In 2008, AECOM began the landscape design for the area surrounding Wenying Lake with the goal of revitalizing the lake. An “Urban Green Lung” and waterfront recreational space that focused on nature, history, and culture were recreated through a series of eco-focused design approaches. As a result, a large lake landscape has reappeared on the Loess Plateau and an eco-bird island has returned to the tumultuous city. Residents have benefited from the high-quality life brought about by nature, culture, and art, making the best footnote for the rebirth of Wenying Lake.
Key words ...
Wenying Lake; Urban Green Lung; Ecological Restoration; Rebirth
Natural Water as Cultural Water — A Thirty Year Plan for Wabash River Corridor in Lafayette, Indiana, USA
作者：徐之成 Author: Zhicheng XU
The project seeks to find the balancing point between culture and nature along the Wabash River in Lafayette, Indiana, which is currently underappreciated because of flooding, vacancy and disconnection. The design solutionis an embodiment of cultural representation and technology of stormwater management in order to achieve ecological and social resilience. With potential for spontaneous use and dynamic programming, the site can transform into asustainableinfrastructure with a cultural identity that provides active waterfront experience.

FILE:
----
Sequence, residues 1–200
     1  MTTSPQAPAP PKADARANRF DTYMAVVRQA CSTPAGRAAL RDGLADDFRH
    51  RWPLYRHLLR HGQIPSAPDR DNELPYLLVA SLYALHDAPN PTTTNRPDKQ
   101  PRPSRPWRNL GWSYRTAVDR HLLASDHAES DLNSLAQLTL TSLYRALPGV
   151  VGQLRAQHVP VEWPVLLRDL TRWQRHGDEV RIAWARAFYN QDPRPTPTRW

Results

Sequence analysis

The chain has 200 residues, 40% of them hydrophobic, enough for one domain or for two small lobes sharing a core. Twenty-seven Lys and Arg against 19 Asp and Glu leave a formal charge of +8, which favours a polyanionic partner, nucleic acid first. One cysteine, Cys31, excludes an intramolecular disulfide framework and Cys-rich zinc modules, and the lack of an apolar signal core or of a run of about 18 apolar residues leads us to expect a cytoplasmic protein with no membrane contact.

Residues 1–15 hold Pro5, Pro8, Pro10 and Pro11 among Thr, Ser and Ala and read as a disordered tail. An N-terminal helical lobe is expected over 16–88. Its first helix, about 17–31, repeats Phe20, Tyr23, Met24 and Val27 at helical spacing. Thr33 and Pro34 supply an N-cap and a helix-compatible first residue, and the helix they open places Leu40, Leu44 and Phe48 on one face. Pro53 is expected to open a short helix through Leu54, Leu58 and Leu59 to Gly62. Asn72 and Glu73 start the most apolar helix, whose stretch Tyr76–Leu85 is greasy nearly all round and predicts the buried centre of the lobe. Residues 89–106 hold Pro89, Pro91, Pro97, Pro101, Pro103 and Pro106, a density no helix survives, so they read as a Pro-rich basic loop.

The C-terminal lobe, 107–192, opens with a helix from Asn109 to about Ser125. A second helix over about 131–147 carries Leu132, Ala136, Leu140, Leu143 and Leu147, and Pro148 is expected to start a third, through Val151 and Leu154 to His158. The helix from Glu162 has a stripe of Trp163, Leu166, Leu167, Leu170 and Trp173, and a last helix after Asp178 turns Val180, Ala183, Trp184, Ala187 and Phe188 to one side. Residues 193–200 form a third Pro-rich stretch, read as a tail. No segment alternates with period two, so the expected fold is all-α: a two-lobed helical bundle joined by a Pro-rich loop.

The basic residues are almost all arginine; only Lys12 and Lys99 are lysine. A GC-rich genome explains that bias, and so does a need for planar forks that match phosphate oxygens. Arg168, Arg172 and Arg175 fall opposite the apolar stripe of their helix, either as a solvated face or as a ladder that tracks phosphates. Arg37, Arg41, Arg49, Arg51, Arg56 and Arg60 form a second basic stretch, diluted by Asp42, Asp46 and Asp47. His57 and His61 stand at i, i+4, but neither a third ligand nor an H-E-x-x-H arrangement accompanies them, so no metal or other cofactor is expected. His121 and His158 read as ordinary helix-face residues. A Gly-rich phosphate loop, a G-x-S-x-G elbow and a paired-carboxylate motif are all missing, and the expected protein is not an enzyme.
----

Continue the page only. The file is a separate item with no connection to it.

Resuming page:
Key words ...
Flooding; Transformation; Landscape Infrastructure; Time; Nature; Culture
作者：贝尔纳多•迪亚斯、谷井千晶、钟秋莹 Author: Bernardo DIAS, Chiaki YATSUI, Qiuying ZHONG
Timescape is a project that morphs geometric sculptures with nature to explore the idea of the picturesque and the potential of architectural decay. The virtual side of the project explores the geometry of interlocking bricks, generated from 3D pieces cast from local materials, such as earth, cork, sand, and cement, that will decomposed from exposure to high pressures of water mixed at different ratios. The shifting morphological shape means that some parts will maintain a concrete structural base, while others are more fragile, porous, and textural. During the process of exposure, the architecture is sacrificed to wider landscape, creating a series of informal spaces that are both intriguing and uncertain.
Key words ...
Architectural Decay; Interlocking Bricks; Local Materials; Morphological Shape
The High Coast: Toward an Altitudinal Economy of Snow